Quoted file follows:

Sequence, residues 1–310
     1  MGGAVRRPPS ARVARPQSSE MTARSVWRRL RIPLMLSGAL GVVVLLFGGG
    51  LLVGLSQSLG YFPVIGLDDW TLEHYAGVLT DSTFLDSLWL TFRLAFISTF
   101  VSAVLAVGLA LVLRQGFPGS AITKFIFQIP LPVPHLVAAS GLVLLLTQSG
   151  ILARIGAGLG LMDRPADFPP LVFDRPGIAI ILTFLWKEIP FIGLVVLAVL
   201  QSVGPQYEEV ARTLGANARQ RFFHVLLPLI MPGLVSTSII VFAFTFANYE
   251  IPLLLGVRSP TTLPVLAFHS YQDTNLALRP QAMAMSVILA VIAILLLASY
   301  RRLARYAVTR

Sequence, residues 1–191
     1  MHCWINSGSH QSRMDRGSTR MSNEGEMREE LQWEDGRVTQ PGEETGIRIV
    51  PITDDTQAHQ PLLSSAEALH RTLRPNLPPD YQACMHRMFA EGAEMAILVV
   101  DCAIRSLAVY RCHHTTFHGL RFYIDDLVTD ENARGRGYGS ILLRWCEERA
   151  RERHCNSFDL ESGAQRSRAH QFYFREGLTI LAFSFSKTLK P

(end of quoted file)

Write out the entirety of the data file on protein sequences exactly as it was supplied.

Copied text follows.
Sequence, residues 1–310
     1  MGGAVRRPPS ARVARPQSSE MTARSVWRRL RIPLMLSGAL GVVVLLFGGG
    51  LLVGLSQSLG YFPVIGLDDW TLEHYAGVLT DSTFLDSLWL TFRLAFISTF
   101  VSAVLAVGLA LVLRQGFPGS AITKFIFQIP LPVPHLVAAS GLVLLLTQSG
   151  ILARIGAGLG LMDRPADFPP LVFDRPGIAI ILTFLWKEIP FIGLVVLAVL
   201  QSVGPQYEEV ARTLGANARQ RFFHVLLPLI MPGLVSTSII VFAFTFANYE
   251  IPLLLGVRSP TTLPVLAFHS YQDTNLALRP QAMAMSVILA VIAILLLASY
   301  RRLARYAVTR

Sequence, residues 1–191
     1  MHCWINSGSH QSRMDRGSTR MSNEGEMREE LQWEDGRVTQ PGEETGIRIV
    51  PITDDTQAHQ PLLSSAEALH RTLRPNLPPD YQACMHRMFA EGAEMAILVV
   101  DCAIRSLAVY RCHHTTFHGL RFYIDDLVTD ENARGRGYGS ILLRWCEERA
   151  RERHCNSFDL ESGAQRSRAH QFYFREGLTI LAFSFSKTLK P